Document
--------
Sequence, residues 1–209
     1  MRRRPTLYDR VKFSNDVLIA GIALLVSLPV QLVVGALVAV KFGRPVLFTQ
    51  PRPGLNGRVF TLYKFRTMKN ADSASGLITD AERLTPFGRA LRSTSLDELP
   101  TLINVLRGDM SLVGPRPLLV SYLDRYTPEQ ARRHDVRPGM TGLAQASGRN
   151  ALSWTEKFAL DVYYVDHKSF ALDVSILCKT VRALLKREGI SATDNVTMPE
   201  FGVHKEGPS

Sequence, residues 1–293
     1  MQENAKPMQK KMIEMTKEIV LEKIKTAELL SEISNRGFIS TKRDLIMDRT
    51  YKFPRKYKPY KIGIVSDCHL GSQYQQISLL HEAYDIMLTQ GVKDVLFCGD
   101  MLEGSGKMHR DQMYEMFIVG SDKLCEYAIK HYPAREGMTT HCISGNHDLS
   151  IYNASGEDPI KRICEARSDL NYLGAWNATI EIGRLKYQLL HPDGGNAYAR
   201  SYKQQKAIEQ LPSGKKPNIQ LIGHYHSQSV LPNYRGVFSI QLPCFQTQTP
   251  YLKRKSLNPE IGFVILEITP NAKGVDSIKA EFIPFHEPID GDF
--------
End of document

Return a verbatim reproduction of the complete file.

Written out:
Sequence, residues 1–209
     1  MRRRPTLYDR VKFSNDVLIA GIALLVSLPV QLVVGALVAV KFGRPVLFTQ
    51  PRPGLNGRVF TLYKFRTMKN ADSASGLITD AERLTPFGRA LRSTSLDELP
   101  TLINVLRGDM SLVGPRPLLV SYLDRYTPEQ ARRHDVRPGM TGLAQASGRN
   151  ALSWTEKFAL DVYYVDHKSF ALDVSILCKT VRALLKREGI SATDNVTMPE
   201  FGVHKEGPS

Sequence, residues 1–293
     1  MQENAKPMQK KMIEMTKEIV LEKIKTAELL SEISNRGFIS TKRDLIMDRT
    51  YKFPRKYKPY KIGIVSDCHL GSQYQQISLL HEAYDIMLTQ GVKDVLFCGD
   101  MLEGSGKMHR DQMYEMFIVG SDKLCEYAIK HYPAREGMTT HCISGNHDLS
   151  IYNASGEDPI KRICEARSDL NYLGAWNATI EIGRLKYQLL HPDGGNAYAR
   201  SYKQQKAIEQ LPSGKKPNIQ LIGHYHSQSV LPNYRGVFSI QLPCFQTQTP
   251  YLKRKSLNPE IGFVILEITP NAKGVDSIKA EFIPFHEPID GDF